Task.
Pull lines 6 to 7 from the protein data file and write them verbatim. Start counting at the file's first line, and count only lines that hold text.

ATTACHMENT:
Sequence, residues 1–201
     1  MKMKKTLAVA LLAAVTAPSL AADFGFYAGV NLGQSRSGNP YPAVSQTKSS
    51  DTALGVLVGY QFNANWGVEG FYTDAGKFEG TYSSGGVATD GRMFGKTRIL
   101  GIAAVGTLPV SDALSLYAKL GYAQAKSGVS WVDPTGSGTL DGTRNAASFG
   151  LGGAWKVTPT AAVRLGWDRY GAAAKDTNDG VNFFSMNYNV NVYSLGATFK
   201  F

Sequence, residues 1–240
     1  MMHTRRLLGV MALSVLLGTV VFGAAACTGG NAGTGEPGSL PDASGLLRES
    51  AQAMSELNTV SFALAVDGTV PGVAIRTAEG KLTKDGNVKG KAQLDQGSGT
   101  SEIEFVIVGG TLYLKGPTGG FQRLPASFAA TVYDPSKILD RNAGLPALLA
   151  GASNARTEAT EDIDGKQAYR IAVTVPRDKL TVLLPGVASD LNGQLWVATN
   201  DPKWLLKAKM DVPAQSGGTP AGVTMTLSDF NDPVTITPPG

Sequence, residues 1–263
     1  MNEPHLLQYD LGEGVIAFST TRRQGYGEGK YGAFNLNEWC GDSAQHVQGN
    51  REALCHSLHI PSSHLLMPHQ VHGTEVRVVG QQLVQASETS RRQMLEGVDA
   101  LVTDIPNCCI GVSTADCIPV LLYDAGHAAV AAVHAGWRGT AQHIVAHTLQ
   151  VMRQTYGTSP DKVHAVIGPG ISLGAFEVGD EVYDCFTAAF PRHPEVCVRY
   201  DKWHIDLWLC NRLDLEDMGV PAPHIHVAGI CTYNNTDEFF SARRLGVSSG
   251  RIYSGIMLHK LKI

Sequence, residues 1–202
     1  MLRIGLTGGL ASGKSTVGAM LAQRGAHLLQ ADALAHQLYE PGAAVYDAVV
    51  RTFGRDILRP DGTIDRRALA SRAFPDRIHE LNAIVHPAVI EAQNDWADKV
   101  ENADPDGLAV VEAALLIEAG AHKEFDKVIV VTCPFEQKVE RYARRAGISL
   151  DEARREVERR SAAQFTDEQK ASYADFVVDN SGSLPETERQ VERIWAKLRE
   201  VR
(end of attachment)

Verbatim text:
   201  F

Sequence, residues 1–240